June 19, 2013
On January 19, 2013, governments around the world agreed on the text for a new international treaty on mercury. The treaty is named the “Minamata Convention” in memory of one of the worst mercury poisoning disasters in history, which killed more than 900 people in Japan since 1956.
This treaty is a milestone in international efforts to protect people around the world from the environmental health and human rights consequences of mercury poisoning. We appreciate your government’s role in ensuring a strong treaty. As we now move into the next phase of this crucial process, we urge your continued support. In particular, we ask you to ensure that your government is represented at a high level at the diplomatic conference, October 7-11, 2013 in, Kumamoto, Japan, convened for states to sign the Minamata Convention. After the conference, we urge your government to take all steps possible to ensure ratification of the convention at the earliest opportunity.
As you know, mercury is a highly toxic liquid metal that attacks the central nervous system and is particularly harmful to children. It contaminates air, soil, and water, and can travel far.
One of the compelling reasons for joining this treaty is its recognition of the inherent risk of mercury exposure in artisanal gold mining. Children in particular can be most at risk for mercury poisoning in artisanal mining and small scale gold mining, as they frequently work with mercury themselves or are present during the burning of the mercury-gold amalgam. According to the International Labor Organization, more than one million children work in artisanal mining worldwide, and many more live in artisanal mining communities. Human Rights Watch has documented the use of mercury by child laborers—a worst form of child labor that should be eliminated immediately—in Mali, Nigeria, and Tanzania (see https://www.hrw.org/dangers-of-mercury). Our research also found that the health systems in these countries are not equipped to prevent, test, or treat mercury-related conditions.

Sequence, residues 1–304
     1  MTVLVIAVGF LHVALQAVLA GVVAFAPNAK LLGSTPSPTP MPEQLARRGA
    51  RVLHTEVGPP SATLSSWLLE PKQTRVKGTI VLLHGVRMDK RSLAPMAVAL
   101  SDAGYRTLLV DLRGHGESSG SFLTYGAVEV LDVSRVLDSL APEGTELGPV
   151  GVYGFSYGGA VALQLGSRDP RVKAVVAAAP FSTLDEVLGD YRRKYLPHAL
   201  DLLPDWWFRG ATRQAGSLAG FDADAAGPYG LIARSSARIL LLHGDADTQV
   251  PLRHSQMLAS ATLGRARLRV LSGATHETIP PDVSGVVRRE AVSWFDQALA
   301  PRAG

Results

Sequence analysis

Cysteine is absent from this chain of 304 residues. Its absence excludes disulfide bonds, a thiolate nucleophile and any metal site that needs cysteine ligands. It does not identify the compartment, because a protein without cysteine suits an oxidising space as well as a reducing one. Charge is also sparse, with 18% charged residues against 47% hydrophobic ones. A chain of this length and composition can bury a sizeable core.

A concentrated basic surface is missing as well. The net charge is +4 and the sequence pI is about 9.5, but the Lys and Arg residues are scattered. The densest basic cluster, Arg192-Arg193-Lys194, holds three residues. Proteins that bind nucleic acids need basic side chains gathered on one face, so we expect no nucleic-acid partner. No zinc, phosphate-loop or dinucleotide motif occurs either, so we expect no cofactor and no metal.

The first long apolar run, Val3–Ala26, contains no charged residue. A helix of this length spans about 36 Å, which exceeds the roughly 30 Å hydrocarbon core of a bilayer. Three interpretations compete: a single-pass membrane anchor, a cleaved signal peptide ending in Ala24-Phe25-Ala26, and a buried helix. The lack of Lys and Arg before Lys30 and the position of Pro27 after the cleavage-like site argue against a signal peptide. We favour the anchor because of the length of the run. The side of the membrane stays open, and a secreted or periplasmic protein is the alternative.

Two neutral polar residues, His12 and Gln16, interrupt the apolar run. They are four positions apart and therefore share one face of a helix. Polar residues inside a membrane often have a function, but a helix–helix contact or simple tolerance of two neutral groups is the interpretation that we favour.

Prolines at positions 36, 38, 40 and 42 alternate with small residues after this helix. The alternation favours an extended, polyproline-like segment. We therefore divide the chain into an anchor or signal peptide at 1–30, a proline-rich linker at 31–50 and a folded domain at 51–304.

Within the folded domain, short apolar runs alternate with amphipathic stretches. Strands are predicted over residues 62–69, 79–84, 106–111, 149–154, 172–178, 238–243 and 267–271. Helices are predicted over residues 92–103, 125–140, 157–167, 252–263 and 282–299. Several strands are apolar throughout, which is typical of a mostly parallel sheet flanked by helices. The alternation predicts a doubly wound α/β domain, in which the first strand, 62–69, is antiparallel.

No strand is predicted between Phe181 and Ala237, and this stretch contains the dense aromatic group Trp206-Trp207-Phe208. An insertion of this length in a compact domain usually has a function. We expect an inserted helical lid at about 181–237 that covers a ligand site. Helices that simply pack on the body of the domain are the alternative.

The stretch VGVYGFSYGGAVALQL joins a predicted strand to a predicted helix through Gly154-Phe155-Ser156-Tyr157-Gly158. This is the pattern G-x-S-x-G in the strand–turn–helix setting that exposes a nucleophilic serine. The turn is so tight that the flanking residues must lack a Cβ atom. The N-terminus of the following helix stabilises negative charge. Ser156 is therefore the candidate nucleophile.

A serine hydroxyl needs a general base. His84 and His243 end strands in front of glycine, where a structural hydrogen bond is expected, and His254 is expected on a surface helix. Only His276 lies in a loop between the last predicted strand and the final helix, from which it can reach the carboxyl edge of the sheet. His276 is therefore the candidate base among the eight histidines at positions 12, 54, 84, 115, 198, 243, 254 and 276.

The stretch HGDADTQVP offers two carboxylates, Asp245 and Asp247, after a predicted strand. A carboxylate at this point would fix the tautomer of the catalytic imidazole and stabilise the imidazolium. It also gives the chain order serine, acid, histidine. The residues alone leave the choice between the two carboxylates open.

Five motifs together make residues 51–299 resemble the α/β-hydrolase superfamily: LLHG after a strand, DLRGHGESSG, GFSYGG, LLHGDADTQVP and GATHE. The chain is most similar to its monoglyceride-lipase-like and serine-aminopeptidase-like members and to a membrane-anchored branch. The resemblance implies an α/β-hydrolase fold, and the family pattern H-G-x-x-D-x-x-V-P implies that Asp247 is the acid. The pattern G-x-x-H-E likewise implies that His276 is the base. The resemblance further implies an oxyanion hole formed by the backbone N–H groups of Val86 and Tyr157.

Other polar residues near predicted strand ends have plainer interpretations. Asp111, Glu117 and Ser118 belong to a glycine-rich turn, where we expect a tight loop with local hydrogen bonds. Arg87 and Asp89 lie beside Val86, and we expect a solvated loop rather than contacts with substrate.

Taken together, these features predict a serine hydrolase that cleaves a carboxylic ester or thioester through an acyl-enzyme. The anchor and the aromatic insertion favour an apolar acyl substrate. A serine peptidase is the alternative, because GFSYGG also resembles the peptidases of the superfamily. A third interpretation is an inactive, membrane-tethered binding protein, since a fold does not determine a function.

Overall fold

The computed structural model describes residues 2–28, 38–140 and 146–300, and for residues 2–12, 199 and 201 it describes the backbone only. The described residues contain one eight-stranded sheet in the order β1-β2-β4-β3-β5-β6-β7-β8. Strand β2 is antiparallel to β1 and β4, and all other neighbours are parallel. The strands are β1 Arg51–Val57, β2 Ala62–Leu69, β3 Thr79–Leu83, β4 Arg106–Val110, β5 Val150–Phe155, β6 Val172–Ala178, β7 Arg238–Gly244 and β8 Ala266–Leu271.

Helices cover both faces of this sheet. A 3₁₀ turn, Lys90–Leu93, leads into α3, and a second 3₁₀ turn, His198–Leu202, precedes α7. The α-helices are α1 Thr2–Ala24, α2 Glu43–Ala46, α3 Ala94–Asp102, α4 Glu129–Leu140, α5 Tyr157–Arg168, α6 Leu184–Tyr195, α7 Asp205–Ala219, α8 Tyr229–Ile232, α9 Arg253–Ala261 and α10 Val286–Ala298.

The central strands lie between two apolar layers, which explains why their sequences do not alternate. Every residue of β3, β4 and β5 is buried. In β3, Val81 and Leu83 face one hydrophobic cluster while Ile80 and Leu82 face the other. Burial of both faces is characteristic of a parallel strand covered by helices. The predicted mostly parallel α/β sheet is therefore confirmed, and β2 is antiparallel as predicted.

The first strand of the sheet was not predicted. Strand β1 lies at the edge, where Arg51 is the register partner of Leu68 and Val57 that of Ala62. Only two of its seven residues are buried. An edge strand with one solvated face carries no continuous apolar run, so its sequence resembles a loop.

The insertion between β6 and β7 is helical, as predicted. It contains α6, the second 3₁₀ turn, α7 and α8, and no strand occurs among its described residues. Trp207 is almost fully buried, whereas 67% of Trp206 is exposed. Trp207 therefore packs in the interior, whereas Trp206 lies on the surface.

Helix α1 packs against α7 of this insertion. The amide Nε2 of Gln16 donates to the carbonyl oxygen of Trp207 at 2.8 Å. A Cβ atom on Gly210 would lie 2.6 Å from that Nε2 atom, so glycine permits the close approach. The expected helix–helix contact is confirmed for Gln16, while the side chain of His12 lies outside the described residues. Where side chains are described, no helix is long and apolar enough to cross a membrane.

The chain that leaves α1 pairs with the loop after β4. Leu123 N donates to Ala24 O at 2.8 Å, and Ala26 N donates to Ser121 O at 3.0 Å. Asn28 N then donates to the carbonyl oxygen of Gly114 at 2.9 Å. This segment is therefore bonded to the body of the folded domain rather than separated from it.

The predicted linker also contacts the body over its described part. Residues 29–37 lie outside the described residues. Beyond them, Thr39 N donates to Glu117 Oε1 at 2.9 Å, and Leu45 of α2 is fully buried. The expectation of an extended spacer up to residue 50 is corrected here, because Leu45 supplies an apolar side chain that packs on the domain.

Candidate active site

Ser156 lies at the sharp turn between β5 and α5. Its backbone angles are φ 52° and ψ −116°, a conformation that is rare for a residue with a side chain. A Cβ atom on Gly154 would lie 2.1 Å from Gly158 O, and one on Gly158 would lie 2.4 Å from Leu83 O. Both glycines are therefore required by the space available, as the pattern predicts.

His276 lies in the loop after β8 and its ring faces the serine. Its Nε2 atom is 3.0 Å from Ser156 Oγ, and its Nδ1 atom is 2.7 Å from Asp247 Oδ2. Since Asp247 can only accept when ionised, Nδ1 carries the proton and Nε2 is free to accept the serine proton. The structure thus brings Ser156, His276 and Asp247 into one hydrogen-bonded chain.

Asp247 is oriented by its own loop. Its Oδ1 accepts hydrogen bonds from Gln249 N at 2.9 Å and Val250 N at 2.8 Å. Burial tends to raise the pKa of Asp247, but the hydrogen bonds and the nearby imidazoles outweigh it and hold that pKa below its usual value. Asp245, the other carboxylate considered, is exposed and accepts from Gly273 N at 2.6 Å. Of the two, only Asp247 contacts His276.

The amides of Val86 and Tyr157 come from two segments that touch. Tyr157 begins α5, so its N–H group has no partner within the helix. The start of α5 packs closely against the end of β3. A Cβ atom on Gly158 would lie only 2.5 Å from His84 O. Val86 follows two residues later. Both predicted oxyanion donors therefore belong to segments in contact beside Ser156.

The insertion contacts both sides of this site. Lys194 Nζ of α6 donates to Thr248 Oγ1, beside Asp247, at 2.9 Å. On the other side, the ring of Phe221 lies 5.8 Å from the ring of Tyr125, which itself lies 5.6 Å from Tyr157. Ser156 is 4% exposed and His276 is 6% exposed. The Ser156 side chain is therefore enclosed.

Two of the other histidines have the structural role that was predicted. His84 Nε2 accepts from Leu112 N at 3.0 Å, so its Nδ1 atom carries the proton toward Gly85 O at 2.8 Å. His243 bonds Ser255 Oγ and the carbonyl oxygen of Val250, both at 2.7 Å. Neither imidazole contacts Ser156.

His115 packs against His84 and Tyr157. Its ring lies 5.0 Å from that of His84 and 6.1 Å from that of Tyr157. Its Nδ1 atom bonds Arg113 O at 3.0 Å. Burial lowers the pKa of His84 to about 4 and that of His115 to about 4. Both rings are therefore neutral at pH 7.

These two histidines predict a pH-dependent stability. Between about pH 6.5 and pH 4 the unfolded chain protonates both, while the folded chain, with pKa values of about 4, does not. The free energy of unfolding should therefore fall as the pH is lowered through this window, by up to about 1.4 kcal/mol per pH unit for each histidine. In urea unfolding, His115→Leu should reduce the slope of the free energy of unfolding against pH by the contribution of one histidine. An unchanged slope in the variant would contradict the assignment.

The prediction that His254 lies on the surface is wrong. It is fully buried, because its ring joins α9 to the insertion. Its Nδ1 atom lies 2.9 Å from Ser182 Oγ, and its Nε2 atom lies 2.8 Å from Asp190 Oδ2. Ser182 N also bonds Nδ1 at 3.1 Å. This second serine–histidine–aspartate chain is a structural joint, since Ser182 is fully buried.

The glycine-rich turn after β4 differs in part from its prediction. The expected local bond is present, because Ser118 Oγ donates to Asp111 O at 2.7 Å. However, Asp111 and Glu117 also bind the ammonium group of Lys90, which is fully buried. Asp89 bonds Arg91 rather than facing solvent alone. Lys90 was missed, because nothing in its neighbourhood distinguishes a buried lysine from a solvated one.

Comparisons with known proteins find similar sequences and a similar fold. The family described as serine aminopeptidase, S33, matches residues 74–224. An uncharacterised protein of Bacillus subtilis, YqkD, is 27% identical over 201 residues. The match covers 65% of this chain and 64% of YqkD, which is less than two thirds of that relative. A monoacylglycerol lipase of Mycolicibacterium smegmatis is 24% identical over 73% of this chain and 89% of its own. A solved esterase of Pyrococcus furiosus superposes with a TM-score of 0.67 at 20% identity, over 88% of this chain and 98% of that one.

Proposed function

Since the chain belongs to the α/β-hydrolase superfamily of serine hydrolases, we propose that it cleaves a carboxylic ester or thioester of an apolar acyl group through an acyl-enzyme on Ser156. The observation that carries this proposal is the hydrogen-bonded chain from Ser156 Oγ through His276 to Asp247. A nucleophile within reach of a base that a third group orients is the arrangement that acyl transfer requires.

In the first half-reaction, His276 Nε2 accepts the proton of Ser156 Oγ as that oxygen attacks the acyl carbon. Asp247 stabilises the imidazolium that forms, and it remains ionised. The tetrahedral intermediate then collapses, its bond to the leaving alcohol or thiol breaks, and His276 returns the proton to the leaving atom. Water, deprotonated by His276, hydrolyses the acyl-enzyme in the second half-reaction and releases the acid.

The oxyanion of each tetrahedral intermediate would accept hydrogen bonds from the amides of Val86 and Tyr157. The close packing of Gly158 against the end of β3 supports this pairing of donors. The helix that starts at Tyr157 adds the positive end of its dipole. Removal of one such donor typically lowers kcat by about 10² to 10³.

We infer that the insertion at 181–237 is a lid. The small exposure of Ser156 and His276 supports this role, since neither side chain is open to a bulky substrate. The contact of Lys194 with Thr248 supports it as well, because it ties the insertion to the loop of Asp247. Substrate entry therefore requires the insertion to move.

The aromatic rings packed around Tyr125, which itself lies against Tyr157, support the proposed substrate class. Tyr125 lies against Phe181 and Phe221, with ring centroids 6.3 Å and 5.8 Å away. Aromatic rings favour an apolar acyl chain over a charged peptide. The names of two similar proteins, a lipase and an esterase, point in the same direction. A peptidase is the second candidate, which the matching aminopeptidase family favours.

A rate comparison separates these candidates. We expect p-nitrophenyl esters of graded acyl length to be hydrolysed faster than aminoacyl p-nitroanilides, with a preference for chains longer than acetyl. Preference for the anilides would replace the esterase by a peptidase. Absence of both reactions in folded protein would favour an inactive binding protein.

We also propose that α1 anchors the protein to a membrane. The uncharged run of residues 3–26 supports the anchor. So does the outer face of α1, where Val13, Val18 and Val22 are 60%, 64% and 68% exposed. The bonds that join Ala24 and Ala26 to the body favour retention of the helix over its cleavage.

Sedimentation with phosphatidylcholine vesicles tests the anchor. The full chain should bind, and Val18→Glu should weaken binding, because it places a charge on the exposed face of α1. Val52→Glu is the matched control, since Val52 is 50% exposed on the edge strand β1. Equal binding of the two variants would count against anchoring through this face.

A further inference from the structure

The treaty addresses the use of mercury in artisanal gold mining, in various products and processes, and in emissions from industrial facilities, such as coal-fired power plants. In the area of artisanal gold mining—the sector that uses the largest amount of mercury and is among the biggest sources of mercury pollution worldwide—the treaty obligates governments to draw up mandatory national action plans. These national action plans must include steps to eliminate the most harmful forms of mercury use, promote mercury-free mining methods, protect children and women of childbearing age, and seek to improve the health of miners.
In addition to signing and ratifying the convention, we urge your government to take appropriate measures to address the consequences of mercury exposure without delay, before the treaty enters into force. In particular, we are asking you to address the problem of mercury use in artisanal gold mining globally by financially and technically supporting programs to:
· End child labor in artisanal gold mining, as well as end the use of mercury by children, as part of programs on mercury management or formalization of artisanal mining, or as separate programs;
· Carry out bio-monitoring of mercury levels in any domestic artisanal gold mining communities, including among children;
· Train health workers about the effects of mercury poisoning and its treatment, and in particular training health workers in any domestic artisanal mining communities;
· Enhance health system capacity to test and treat mercury-related conditions.
We look forward to your support on this important matter and we would welcome the opportunity to be in touch with your government. To discuss the Minamata convention and our other recommendations further, please contact Juliane Kippenberg (email@example.com) or Jane Cohen (firstname.lastname@example.org).
Global Advocacy Director
Human Rights Watch